Janis Goodman was born in New York City. She is a Professor of Fine Arts at the Corcoran College of Art at George Washington University. She has maintained a studio in Mt. Rainier, Maryland for 25 years. She was the first artist to find Artists by the Tracks along with Tom Ashcraft. Her large-scale paintings and drawings move between the narrative and the deconstructed. Formally, the work is a conversation around gesture, color and the symbolic nature of visual language. Her work explores issues of the changing environment, natural phenomenon and concerns facing the natural world.
Her work has been shown nationally in New York, Los Angeles, Atlanta, Dallas, Maine and Washington, DC. Internationally she has exhibited in Greece, Peru, Russia, Korea, Germany, Italy, England and The Netherlands. In addition to her private studio practice she is a member of Workingman Collective, a group of artists doing site specific and community related projects.
Janis has been the arts reviewer for WETA’s TV program Around Town since 2001. She co-curated the traveling photography exhibition Is Seeing Believing? The Real, The Surreal, The Unreal in Contemporary Photography. Her writings on art have been published in Sculpture Magazine and numerous artist’s monographs. She has lectured at the National Gallery of Art, The Smithsonian and has been a visiting artist and lecturer at colleges and artist residencies in the United States and abroad.
Janis has received numerous DC Commission on the Arts Grants to Individual Artists, The Bader Prize and is a recipient of a National Endowment support grant. Janis has an MFA from George Washington University with additional studies at the Corcoran, UCLA, Pratt Graphics and in Italy. She is sited in Who’s Who in American Art and other publications.
Janis Goodman’s work moves between the narrative and the deconstructed. It is based on the laws of nature but governed by intuition and experience. Years of hiking national parks and kayaking rivers along the mid -Atlantic and New England have formed the backdrop of her work. Her fascination with natural disasters additionally fuels the sense of the absurd and the possibility of chance. These disasters additionally awakened her awareness and concerns of water and the environment.
Ms. Goodman’s large-scale oil paintings follow the invisible energy paths connecting the dots between the observed, imagined and remembered. The paintings don’t specifically pay witness to an event but set up a strategy of cause and effect. They slow down the motion that is invisible to the eye and give the observer visual signs of a time or a direction. There are sufficient clues in the work to give the impression of an attempt to shadow nature; this quickly dissipates, as one is made aware of the transience of the subject. The transcription of the natural and changing structures are meant to impart both a spirited wonderment of the occurrence as well as a curiosity about the phenomenon. In recent paintings Janis has occasionally included recognizable natural forms such as crickets, bees, flowers and skies. These images move the needle from being symbols to realities (at least painted reality). They are a link between the literal implied and the suggested. They are depictions of the world we see out of the corner of our eyes. Not unlike the shorthand of calligraphic painterly marks they are the shorthand of color in the natural world.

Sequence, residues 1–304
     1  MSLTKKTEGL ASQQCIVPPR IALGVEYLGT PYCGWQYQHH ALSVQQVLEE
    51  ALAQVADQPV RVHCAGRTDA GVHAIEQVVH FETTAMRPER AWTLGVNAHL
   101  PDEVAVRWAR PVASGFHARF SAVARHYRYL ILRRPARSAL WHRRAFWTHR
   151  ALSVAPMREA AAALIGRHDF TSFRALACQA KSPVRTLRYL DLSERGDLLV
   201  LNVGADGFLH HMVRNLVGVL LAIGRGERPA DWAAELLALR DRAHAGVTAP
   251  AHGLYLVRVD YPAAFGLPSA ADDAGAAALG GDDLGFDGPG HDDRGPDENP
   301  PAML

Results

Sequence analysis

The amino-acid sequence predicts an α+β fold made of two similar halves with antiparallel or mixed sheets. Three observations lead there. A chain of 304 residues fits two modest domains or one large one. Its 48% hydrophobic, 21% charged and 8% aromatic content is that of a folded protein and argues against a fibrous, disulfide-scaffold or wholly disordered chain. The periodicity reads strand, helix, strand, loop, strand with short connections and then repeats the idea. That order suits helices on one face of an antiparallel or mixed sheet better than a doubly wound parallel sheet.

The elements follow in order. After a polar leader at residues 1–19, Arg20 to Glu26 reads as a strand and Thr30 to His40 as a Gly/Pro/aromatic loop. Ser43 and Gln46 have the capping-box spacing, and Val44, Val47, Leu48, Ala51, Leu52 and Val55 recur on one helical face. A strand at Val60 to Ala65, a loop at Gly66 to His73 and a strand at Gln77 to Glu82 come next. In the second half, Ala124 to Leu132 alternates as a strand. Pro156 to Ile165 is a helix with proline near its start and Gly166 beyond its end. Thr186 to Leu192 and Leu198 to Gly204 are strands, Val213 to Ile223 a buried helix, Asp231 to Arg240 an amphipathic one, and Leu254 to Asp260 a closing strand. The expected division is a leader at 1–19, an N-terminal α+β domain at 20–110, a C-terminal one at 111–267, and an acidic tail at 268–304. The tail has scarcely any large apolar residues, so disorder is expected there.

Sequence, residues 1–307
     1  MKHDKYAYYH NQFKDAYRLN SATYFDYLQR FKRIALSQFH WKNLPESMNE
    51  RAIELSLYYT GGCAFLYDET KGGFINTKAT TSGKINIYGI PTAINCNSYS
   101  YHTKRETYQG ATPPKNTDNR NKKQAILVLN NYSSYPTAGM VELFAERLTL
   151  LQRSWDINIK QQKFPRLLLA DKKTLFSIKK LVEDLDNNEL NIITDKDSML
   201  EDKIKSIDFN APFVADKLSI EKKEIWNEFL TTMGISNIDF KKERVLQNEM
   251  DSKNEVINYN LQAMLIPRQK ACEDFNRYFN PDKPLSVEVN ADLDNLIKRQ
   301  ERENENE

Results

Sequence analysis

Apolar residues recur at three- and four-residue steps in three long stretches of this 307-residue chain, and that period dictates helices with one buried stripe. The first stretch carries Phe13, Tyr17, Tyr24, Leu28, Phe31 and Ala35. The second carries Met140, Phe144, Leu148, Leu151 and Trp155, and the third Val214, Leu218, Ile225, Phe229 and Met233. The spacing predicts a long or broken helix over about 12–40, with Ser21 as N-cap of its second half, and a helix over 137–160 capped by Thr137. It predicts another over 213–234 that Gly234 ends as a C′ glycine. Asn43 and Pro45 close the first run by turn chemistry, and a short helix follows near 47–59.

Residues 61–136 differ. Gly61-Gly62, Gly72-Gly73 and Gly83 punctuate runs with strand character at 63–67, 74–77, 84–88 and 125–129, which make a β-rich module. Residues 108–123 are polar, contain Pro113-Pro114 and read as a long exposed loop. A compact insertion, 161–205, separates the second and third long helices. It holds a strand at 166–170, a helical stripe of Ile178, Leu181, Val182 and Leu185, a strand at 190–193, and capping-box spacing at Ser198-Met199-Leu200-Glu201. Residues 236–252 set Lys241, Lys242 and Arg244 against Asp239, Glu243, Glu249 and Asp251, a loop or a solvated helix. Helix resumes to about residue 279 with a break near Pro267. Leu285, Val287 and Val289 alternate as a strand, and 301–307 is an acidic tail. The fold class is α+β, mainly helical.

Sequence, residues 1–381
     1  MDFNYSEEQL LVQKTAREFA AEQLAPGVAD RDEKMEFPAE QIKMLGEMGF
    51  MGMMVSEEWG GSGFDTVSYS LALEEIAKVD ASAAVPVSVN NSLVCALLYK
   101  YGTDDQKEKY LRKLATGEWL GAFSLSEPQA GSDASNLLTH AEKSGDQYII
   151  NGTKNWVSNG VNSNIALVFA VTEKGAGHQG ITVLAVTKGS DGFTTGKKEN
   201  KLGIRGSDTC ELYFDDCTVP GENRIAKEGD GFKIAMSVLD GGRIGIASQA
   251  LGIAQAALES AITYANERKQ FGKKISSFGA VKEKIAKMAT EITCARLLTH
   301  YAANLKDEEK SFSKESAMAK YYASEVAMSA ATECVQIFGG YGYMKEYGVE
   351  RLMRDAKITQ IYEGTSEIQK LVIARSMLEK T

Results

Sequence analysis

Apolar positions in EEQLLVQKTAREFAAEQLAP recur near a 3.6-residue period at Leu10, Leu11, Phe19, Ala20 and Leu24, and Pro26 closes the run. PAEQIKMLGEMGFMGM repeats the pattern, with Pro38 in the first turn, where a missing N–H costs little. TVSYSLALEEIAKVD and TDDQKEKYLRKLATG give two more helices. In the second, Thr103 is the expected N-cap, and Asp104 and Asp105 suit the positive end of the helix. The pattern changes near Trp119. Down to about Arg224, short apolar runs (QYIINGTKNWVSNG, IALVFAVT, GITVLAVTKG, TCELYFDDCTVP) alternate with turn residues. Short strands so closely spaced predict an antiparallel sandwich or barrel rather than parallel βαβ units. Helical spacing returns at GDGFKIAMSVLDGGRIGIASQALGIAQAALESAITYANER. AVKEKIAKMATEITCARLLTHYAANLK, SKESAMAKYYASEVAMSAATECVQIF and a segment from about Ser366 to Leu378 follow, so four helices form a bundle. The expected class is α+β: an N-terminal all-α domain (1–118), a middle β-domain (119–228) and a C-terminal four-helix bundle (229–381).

A recent trip and visit to the Hawaiian Islands generated a new and ongoing body of work. The interest in going to Hawaii was sparked by a curiosity of the lava fields. The notion of new land masses being formed due to destruction and violent forces when so much of our planet is being consumed by raising water levels fascinated me. This seemed like a paradox. Layered upon the new land mass is vegetation that is slowly being introduced through birds, plantings and wind currents. The visit to the islands revealed a new palette and subsequently a change in brush work and mark. The paintings have become less graphic, denser in pigment, more about color interaction and environment color.
Janis has been working with other faculty from the George Washington University Elliott School of International Affairs on possible projects regarding water and sustainability and environmental impact on culture. The paintings as mentioned in the first paragraph are an implied address to the issues of the environment, changes occurring naturally and those imposed on the planet. The paintings continue to rely more heavily on perception than fact. The personal is suggested by the brushwork, palette and often the title. When viewed together each painting reveals a new boundary and impulse that is part of a continuum of my specific language.